Monounsaturated fatty acids (MUFA), the most abundant of which is oleic acid, play an important role in cellular function due to its presence in phospholipids in cell membranes. Oleic acid is beneficial for cardiovascular health—both in reducing risk factors like high blood pressure, cholesterol, triglycerides, inflammation, and oxidative stress, and in reducing actual cardiovascular disease incidence and events. Oleic acid has even demonstrated anti-cancer activity, with an ability to inhibit the progression, proliferation, and metastasis of several types of cancer cells. Research shows this fat could benefit body weight regulation and obesity through its effects on energy metabolism and lipogenesis. In fact, human trials show that enriching diets with oleic acid leads to decreases in central obesity, abdominal fat, body weight, and food intake, while also possibly increasing energy expenditure! Oleic acid also possesses some benefits for diabetics—influencing genes and pathways involved in insulin signaling and glucose metabolism, as well as helping protect against some complications of diabetes, like diabetic retinopathy and atherosclerosis. Learn more about oleic acid here.
Ground Beef, 85%/15% Provides 29% DV Selenium
Ground beef, 85%/15% is also an excellent source of selenium, providing 29% of the daily value per 3.5-ounce serving!
Selenium is a trace mineral needed by all mammals to sustain life. It serves as a component of the non-proteinogenic amino acids selenocysteine and selenomethionine, and also helps form over two dozen selenoproteins involved in reproduction, thyroid hormone metabolism, antioxidant defense, DNA synthesis, and immunity. Observational research suggests selenium could play a protective role against cancer, heart disease, asthma, and inflammatory bowel disease, although human trials have generally been lacking or contradictory. There’s also evidence that selenium can play a preventative role in asthma and inflammatory bowel disease, while also reducing mortality in patients with sepsis. Learn more about selenium here.
Ground Beef, 85%/15% Provides 29% DV Vitamin B3 (Niacin)
Ground beef, 85%/15% is an excellent source of vitamin B3 (niacin), providing 29% of the daily value per 3.5-ounce serving!
Niacin is a water-soluble B complex vitamin (vitamin B3) that’s needed to produce two very important coenzymes: nicotinamide adenine dinucleotide (NAD) and nicotinamide adenine dinucleotide phosphate (NADP). NAD and NADP are needed for over 400 enzymes involved in DNA repair, fatty acid synthesis, antioxidant systems, detoxification, and hormone synthesis, as well as the breakdown of fat, carbohydrate, protein, and alcohol. Niacin has therapeutic potential for cardiovascular disease and hyperlipidemia, and may also be protective against cancer and type 1 diabetes. Some research suggests it could benefit health outcomes for patients with HIV or schizophrenia as well. Learn more about niacin here.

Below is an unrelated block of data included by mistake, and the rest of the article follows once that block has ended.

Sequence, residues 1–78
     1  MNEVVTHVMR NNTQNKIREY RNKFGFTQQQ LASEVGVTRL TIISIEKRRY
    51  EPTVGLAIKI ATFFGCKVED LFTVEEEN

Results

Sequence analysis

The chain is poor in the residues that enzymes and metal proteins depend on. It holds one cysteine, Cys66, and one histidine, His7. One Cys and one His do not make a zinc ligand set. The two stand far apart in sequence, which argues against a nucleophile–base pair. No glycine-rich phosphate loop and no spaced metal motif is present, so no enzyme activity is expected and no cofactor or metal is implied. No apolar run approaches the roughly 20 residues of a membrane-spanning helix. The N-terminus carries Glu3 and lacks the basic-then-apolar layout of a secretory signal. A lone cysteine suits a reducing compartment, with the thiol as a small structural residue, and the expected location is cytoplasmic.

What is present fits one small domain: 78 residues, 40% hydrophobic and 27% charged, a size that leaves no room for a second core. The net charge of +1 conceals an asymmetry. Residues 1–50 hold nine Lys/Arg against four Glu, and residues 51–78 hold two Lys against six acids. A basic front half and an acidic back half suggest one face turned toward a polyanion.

Ground Beef, 85%/15% Provides 100.0 mg of Taurine
Ground beef, 85%/15% is also an excellent source of taurine, providing 100.0 mg of taurine per 3.5-ounce serving!
Taurine is a non-proteinogenic amino sulfonic acid that supports neurological development, serves as a major component of bile (which helps to digest fats), and plays a role in water and mineral regulation within the blood (including through membrane stabilization and calcium signaling). Taurine also regulates the immune system and serves as an important antioxidant, and it plays a role in cardiovascular function and the development of skeletal muscle.
Ground Beef, 85%/15% Provides 20% DV Vitamin B6 (Pyridoxine)
Ground beef, 85%/15% is an excellent source of vitamin B6 (pyridoxine), providing 20% of the daily value per 3.5-ounce serving!
Vitamin B6 (pyridoxine) is a group of six water-soluble compounds with a similar chemical structure, all of which can be converted into their active form of pyridoxal 5’-phospate (PLP). Over 100 different enzymes require vitamin B6 in order to carry out their various functions in protein metabolism, fatty acid metabolism, neurotransmitter production, gluconeogenesis, hemoglobin synthesis, the release of glucose from glycogen, and energy metabolism (particularly the production of ATP in the Krebs cycle). Research suggests vitamin B6 may help protect against cardiovascular disease and certain cancers, could reduce the risk of depression among the elderly, and even reduce symptoms of morning sickness and PMS. Learn more about vitamin B6 here.
How Much Ground Beef Should We Eat Per Day?
Red meat, such as ground beef, is a nutritionally valuable food and a great source of protein.
Proteins are the molecules that perform most of the various functions of life which is why protein deficiency is detrimental to all of the body’s organs and systems, including impacting function of the brain (especially in infants and young children), immune system, gut barrier, and kidneys. Dietary protein is necessary to supply the amino acid building blocks for all of the proteins in our bodies. Physical signs of protein deficiency include edema (swelling), poor musculature, dull skin, thin and fragile hair, and failure to thrive in infants and children.
The Accepted Macronutrient Distribution Ranges (AMDR) were established by the Food and Nutrition Board of the Institute of Medicine using evidence from interventional trials with support of epidemiological evidence that suggest a role in the prevention or increased risk of chronic diseases, and based on ensuring sufficient intake of essential nutrients. The AMDR for protein is 10% to 35% calories from protein.
The recommended daily allowance of protein is 0.36 grams per pound body weight (0.8 grams per kilogram of body weight). That amounts to 56 grams for a 150-pound person. However, it’s important to emphasize that this number is considered a minimum daily allotment, and there is no established upper limit. In fact, many studies have evaluated diets containing three to four times more protein than this minimum and proven benefits to weight management, body composition, hormone regulation, and cardiovascular health. These studies suggest that an optimal protein intake for most people is probably in the range of 1.2 to 1.8 grams per kilogram bodyweight (82 to 122 grams for that same 150-pound person), and that people who are very active may see the best results at even higher intake. Learn more about protein here.